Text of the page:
This afternoon I hung out for a few hours at the Occupy Together Meetup. I met some smart developers, made a few tweaks to the code, and spoke to a reporter from the Wall Street Journal. I’m hoping to also get this in the Occupied Wall Street Journal, which I’m guessing gets read by more people in Zuccotti Park.

ows.offline code releasedgithub.com

I’ve finally set up a GitHub repository! It also includes some documentation on how to configure OpenWRT to behave like a captive portal. I’m trying to think of a better fake-TLD than “.offline”. Dot-occupy? I’m open to suggestions.

Update: I’ve renamed the project to occupy.here! More soon…

Hacking the WRT54GLnyc.thepublicschool.org

I’ve proposed a course at The Public School: Hacking the WRT54GL.

Lately I’ve been doing some projects that involve serving tiny self-contained websites on autonomous Linksys WRT54GL routers running OpenWRT. That is, websites you can only access by connecting to a specific wifi signal. In a creative sense I like the notion of giving web pages a physical presence, of focusing on a particular audience in a particular place. The technology is also pretty fun to work with.

ows.offline is um… online!

This morning I stopped by Zuccatti Park and left the wifi router running ows.offline! It seems that weekday mornings are a lot less crowded, and the people I met who were awake and in the park were exactly the people who I wanted to know about the project. I chatted with some folks at the info desk and they were really enthusiastic about the idea! I explained the idea to this one guy who promptly plugged me into the generator and said “you are awesome!”

I’m just going to play it by ear and just drop in for maintenance/backups and promotion when I can.

The label reads:

  1. Connect to wifi network “ows.offline”
  2. Visit http://ows.offline/
  3. Profit! Revolt!

Code release and promotional flyers coming soon!

Proposal for ows.offline

Occupy Wall Street

Like many New Yorkers I’ve been observing and processing the occupation of Zuccatti Park with a sense of cautious enthusiasm. It took me a few days to figure out what it’s actually about, and I’ve come around to accept their position that protesting with no stated agenda is legitimate. Here are some resources I’ve found useful, but really the best way to get a sense for things is to walk around and talk to people in the park.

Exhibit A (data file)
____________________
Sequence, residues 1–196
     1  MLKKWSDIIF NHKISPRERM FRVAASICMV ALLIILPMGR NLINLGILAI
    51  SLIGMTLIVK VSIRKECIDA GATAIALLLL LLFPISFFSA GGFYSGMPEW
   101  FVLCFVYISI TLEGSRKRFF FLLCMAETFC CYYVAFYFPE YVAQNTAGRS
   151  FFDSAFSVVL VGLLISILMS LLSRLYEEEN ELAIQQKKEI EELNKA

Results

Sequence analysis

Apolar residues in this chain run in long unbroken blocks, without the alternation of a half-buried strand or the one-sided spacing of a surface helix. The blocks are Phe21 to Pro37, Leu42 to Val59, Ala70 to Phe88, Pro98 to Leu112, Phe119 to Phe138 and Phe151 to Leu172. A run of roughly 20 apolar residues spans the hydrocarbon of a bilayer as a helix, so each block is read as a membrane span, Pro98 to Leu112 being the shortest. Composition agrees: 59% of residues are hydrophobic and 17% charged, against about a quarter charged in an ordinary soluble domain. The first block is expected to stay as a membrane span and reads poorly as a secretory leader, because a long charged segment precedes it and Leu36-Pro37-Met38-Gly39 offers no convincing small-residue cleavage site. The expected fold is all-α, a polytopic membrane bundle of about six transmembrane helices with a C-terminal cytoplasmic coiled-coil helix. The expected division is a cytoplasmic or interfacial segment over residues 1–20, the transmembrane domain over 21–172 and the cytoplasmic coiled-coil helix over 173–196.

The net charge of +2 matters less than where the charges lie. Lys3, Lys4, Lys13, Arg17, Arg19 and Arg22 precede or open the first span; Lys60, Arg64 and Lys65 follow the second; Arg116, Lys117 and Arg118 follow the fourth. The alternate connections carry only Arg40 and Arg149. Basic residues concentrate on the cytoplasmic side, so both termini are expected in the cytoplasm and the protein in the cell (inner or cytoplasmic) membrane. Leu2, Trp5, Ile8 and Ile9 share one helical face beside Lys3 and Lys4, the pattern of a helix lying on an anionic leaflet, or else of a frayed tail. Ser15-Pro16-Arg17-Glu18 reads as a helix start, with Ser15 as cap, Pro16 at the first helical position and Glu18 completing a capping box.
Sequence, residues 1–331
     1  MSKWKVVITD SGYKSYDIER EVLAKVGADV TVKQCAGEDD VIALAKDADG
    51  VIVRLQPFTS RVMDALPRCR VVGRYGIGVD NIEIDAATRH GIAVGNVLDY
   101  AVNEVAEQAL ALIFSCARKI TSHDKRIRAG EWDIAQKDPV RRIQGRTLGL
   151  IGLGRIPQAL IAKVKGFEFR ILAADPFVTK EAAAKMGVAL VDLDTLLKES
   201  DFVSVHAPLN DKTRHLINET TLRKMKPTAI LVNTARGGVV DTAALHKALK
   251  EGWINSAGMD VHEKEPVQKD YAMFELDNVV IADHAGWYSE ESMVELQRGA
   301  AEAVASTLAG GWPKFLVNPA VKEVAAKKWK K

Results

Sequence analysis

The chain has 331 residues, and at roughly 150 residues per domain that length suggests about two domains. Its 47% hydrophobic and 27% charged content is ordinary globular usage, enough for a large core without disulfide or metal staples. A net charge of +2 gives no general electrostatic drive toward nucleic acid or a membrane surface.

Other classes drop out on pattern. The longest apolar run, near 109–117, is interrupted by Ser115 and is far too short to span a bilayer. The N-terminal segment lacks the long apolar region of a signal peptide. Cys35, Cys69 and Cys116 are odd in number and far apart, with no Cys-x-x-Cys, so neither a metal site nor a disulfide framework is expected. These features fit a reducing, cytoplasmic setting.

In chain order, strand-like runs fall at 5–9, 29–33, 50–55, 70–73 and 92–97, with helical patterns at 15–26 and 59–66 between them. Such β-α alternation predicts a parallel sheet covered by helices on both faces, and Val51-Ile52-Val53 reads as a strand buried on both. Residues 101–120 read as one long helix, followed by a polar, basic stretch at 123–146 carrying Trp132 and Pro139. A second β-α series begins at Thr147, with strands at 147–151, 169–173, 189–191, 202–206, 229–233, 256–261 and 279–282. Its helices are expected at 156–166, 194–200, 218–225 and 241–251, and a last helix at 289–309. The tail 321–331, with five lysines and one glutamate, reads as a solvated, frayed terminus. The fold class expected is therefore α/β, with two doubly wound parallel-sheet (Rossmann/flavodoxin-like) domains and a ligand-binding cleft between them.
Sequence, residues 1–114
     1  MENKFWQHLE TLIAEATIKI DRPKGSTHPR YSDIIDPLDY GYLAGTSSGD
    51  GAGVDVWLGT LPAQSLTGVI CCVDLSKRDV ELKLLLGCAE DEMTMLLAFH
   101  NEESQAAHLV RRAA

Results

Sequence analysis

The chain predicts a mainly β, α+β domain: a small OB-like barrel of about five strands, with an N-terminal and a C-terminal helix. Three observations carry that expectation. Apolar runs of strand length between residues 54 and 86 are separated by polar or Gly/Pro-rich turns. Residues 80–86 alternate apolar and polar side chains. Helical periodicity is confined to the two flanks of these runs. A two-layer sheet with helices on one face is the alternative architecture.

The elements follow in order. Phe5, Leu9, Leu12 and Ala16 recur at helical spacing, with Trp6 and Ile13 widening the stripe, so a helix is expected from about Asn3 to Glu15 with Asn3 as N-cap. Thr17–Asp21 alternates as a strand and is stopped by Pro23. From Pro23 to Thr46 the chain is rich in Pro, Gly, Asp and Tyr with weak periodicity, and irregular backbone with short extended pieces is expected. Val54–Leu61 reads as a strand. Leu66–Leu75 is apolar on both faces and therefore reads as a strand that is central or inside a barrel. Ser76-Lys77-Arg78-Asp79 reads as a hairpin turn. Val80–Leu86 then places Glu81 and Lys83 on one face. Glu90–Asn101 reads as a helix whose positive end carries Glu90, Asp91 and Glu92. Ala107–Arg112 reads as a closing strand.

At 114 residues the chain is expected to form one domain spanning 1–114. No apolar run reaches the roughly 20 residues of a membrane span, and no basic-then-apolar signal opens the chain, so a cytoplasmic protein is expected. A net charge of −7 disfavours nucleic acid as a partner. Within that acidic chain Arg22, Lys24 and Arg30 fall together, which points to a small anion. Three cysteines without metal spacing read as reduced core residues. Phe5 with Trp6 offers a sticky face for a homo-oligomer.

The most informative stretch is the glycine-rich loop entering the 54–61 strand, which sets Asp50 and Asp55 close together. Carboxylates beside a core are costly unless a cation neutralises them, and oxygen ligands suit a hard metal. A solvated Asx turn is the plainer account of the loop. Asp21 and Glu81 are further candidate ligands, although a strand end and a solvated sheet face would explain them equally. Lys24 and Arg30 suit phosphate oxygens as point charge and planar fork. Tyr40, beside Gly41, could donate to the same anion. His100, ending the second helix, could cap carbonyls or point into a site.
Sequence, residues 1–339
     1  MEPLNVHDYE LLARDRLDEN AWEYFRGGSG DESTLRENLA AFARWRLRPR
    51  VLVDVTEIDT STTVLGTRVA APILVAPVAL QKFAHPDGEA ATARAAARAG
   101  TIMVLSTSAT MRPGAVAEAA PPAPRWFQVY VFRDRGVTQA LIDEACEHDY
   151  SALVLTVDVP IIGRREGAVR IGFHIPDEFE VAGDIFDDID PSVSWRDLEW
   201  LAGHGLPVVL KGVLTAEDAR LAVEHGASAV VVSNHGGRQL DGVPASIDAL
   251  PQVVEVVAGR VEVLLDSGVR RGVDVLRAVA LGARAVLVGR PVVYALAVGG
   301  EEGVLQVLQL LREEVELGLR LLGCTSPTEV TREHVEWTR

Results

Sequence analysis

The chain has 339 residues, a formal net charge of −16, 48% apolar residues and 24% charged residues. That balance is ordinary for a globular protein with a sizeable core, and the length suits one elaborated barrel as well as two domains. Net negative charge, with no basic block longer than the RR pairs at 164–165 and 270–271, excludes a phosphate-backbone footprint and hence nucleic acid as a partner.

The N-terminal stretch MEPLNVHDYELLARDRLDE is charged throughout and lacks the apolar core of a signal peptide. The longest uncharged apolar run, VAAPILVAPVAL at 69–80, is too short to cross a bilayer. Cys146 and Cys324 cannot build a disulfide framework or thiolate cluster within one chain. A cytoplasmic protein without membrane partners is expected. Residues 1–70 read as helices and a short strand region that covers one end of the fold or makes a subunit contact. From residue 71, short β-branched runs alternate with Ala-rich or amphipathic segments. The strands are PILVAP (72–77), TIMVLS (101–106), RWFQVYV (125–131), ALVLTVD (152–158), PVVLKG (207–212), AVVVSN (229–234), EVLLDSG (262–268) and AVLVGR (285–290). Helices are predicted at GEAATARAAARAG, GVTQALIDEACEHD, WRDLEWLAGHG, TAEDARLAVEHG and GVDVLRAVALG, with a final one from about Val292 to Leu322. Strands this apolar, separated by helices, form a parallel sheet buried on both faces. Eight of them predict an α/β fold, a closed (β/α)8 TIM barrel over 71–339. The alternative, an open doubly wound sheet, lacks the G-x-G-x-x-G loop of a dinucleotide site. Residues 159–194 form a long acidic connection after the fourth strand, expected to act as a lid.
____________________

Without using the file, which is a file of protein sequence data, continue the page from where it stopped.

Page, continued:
In short, there are two separate things happening:

  1. The occupation itself (also): a group of activists with a range of leftist politics (plus some Ron Paul supporters) are using occupation as a tactic
  2. The New York City General Assembly: an experimental process of political deliberation and decision making is being used to guide the occupation

One challenge I’ve been working through is how to best express my sympathy for the occupation without bailing on my existing responsibilities. My Fall schedule has been really busy, which has made it especially difficult to participate.

Of course there are a variety of things one can do to show support and I’m hoping to contribute in a way that plays to my strengths. Below is a project proposal I’ve submitted to the Occupennial art exhibition (more info).

ows.offline proposal

I’ve been working on hacking a Linksys WRT54GL wifi router to run very simple web forum software I developed. It’s part of an art process that I’m calling Situated Net Art. Like other instances of net art it relies on web technologies such as HTML, but is intended to be experienced from a specific physical location rather than adopting the more universal context of the World Wide Web.

The motivation behind ows.offline is that the web offers a fantastic array of communication tools, but often the conversation suffers from certain trade-offs as the number of participants rises. Proximity could be a useful filter for those with the greatest need for better communication tools. The forum is an attempt to complement the existing deliberative process of the NYC General Assembly and offer its constituents a text-based forum to hash out their ideas with greater subtlety.

Another component I’m interested in exploring is how access to the necessary hardware is or is not available to occupiers. I would like to develop some kind of social contract that stipulates the laptop or smartphone being used to access the forum might be lent to those without access. A similar type of arrangement was used in Heath Bunting’s BorderXing database, where users of the site must agree to become internet providers in a kind of peer-to-peer distributed net cafe.

Photo courtesy of Flickr user shankbone

What next?

I’m not sure an art context is the best way to pursue this, but at least it’s a process I’m familiar with. I’m still pretty uncertain about the logistics of maintaining electricity and shepherding my little wireless router through the chaos of the plaza. Perhaps inclusion in an art exhibition is a way to keep the hardware safe and dry. The software itself is already written, I’m just trying to figure out the best way to deploy it. I’ll release the software soon on GitHub with instructions on how others might use it with their own wifi routers.

Of course I’m open to feedback, so please feel free to comment below.